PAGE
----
Recently, a Portuguese wine company, Wine Vision Lda. sought to register the mark “NOPA” in standard characters for “wines” through the United States Patent and Trademark Office. Napa Valley Vintners Association (“NVVA”) filed a notice of opposition with the Trademark Trial and Appeal Board. Napa Valley Vintners Association v. Wine Vision, Lda., Opposition No. 91189310 (July 29, 2014) [not precedential]. In its opposition, NVVA alleged that it owned and had prior rights in the “common law certification marks NAPA and NAPA VALLEY for wine.” Id. (citing Notice of Opposition ¶ 2).
As grounds for its opposition, NVVA asserted that Wine Vision’s mark:
- Was likely to cause confusion with NVVA’s marks;
- Consisted of a geographical indication in violation of § 2(a) of the Lanham Act;
- Was geographically deceptive in violation of § 2(a) of the Act; and
- Was primarily geographically deceptively misdescriptive in violation of § 2(e)(3) of the Act.
Applicant answered, acknowledging that Napa is a geographical indication, but otherwise denying the aforementioned allegations from the notice of opposition. In the record, NVVA produced information from the CFR as well as excerpts from several books to indicate that Napa Valley is a well recognized and widely known geographical indication and appellation for wine. NVA further contended that “Napa Valley” is often referred to simply as “Napa.”
The Board focused its discussion exclusively on standing. Standing, the Board noted, must be established by an opposer to bring an opposition and in order to prevail on any grounds alleged in the notice of opposition. It is a threshold issue that must be proven in inter partes proceedings and not simply alleged. The Board noted that, to establish standing, an opposer must show it has a “real interest” in the matter “beyond that of a mere intermeddler.” Napa Valley Vintners Association v. Wine Vision, Lda. at 3. In its brief, NVVA argued that it has standing because:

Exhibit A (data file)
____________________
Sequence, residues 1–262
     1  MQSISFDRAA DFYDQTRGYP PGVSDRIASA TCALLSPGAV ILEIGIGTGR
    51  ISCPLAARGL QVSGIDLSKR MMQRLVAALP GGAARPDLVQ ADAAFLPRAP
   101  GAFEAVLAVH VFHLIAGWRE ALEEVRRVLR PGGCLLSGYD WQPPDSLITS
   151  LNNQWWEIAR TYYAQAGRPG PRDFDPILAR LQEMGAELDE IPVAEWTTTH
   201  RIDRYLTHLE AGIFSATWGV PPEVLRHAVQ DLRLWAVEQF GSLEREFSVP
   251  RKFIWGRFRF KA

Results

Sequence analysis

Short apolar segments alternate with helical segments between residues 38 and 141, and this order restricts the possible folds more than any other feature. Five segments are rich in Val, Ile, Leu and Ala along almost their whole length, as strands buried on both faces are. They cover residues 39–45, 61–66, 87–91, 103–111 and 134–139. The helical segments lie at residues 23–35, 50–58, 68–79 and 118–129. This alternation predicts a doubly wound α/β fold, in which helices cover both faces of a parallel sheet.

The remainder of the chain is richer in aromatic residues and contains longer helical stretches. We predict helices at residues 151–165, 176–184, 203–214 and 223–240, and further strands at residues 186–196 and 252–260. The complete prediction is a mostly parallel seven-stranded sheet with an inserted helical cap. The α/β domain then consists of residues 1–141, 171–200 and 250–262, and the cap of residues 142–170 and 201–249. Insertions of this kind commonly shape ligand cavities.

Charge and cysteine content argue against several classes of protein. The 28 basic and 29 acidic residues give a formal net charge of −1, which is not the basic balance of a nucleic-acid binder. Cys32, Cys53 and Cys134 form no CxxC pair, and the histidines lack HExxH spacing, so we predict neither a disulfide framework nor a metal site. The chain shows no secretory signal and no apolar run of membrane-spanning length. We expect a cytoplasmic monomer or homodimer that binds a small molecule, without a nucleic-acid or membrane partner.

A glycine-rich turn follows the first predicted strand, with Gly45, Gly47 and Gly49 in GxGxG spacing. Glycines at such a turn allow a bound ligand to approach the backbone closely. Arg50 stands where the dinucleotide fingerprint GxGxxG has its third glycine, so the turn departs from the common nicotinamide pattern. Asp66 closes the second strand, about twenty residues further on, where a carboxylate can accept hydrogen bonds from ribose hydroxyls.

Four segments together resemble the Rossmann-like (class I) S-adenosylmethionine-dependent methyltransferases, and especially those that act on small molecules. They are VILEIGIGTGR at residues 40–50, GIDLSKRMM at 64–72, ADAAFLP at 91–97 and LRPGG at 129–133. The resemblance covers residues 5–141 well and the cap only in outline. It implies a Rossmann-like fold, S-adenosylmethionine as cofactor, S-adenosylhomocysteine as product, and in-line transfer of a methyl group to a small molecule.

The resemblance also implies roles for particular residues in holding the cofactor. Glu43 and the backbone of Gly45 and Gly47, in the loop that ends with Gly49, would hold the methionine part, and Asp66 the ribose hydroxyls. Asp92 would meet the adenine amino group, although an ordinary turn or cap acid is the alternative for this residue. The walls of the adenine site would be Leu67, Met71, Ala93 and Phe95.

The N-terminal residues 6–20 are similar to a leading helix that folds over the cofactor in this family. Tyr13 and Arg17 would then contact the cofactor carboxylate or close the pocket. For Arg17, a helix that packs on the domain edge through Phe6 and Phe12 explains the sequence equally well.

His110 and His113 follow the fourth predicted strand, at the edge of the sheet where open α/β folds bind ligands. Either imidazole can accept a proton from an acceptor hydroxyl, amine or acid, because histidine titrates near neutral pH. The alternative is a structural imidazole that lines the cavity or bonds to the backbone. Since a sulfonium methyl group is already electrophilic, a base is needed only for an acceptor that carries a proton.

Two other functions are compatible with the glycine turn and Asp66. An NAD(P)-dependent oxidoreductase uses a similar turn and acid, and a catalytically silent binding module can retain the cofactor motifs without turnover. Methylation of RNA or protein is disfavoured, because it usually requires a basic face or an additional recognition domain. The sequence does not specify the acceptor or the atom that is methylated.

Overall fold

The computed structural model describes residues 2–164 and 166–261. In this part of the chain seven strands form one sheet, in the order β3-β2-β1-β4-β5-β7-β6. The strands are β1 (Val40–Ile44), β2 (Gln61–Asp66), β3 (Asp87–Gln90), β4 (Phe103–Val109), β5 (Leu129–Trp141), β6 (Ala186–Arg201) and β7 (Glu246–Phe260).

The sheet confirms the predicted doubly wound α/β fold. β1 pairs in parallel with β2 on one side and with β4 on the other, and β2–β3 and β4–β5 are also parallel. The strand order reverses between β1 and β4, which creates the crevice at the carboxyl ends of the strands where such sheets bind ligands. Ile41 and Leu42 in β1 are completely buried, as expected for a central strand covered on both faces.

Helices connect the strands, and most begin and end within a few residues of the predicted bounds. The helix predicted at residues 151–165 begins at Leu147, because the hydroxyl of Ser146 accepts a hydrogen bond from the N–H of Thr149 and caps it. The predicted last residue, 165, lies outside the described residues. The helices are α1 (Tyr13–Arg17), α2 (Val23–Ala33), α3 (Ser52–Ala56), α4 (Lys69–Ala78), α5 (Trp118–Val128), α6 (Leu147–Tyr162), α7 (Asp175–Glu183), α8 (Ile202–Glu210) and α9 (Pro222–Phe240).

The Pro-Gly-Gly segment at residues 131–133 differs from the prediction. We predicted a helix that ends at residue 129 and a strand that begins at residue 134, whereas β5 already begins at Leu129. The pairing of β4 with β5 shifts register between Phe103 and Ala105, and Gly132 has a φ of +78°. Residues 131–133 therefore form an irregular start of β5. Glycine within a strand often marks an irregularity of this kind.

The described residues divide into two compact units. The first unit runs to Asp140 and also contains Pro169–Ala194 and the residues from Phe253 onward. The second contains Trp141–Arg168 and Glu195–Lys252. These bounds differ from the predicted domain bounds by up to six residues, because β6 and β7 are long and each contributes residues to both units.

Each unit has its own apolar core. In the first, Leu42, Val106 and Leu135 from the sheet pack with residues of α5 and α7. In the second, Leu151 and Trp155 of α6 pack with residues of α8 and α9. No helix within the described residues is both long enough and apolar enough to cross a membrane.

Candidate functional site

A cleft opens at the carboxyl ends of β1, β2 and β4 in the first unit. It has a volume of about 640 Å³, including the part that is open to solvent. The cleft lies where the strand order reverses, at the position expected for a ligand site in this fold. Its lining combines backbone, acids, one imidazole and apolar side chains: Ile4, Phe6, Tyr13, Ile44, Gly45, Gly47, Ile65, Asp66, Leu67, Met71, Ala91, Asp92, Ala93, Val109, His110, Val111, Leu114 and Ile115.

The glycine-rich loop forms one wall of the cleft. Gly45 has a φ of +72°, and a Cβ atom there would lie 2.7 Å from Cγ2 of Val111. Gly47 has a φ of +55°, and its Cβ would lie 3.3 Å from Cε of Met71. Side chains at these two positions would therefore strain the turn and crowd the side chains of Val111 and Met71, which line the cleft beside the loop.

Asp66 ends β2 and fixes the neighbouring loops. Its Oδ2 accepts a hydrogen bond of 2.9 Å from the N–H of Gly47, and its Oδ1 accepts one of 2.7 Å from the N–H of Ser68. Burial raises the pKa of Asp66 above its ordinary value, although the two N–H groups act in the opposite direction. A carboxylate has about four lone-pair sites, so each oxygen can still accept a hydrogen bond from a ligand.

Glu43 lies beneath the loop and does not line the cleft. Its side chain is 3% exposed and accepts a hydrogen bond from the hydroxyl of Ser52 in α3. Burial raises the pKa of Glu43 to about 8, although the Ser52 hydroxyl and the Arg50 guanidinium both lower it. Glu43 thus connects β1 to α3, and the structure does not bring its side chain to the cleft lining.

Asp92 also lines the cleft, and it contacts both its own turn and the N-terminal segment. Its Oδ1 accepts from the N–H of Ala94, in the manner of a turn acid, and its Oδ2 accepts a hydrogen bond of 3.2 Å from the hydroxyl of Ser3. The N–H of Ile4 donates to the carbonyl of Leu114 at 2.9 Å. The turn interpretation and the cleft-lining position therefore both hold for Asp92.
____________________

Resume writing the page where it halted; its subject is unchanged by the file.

- NVVA is a non-profit trade organization associated with Napa Valley wineries and wines bearing the Napa Valley appellation of origin;
- NVVA is owner of a pending geographical certification application for Napa Valley; and
- As such, NVVA will be harmed by the registration of NOPA mark for wine since the mark is geographically deceptive and misdescriptive and is confusingly similar to NAPA, the abbreviation for Napa Valley.
Id. (citing Opposer’s Trial Brief at 3.)
Unfortunately for NVVA, the Board found that NVVA had no standing particularly because the record did not provide and evidence that suggested such. For example, the record did not provide evidence that NVVA is actually a trade organization, what its functions are, who its members are, or even if the Association was the actual owner of the mark, “Napa Valley.” The Board did note, much to the contrary, that
Opposer did not plead ownership of an application in its notice of opposition; rather, the notice of opposition only references a ‘common law certification mark,’ about which there is also no evidence of record. Nor is there evidence of record that Opposer owns any mark. Id. at 4.
Napa Valley is certainly an established viticultural area, which is referenced in 27 CFR and was also provided in the record. The important distinction here is that the Board looked for reference to NVVA with a particular emphasis on the Association’s current activities. Id. Further, Wine Vision’s answer did not provide any admissions which would establish NVVA’s standing. Standing is a threshold that requires evidence, not pure speculation.
In this instance, the Board determined that NVVA did not present any evidence to establish standing and thus could not prevail on the grounds of any of its allegations in its notice of opposition. As a result, the Board dismissed the opposition.
DISCLAIMER: This blog post is not intended as legal advice, and no attorney-client relationship results. Please consult your own attorney for legal advice.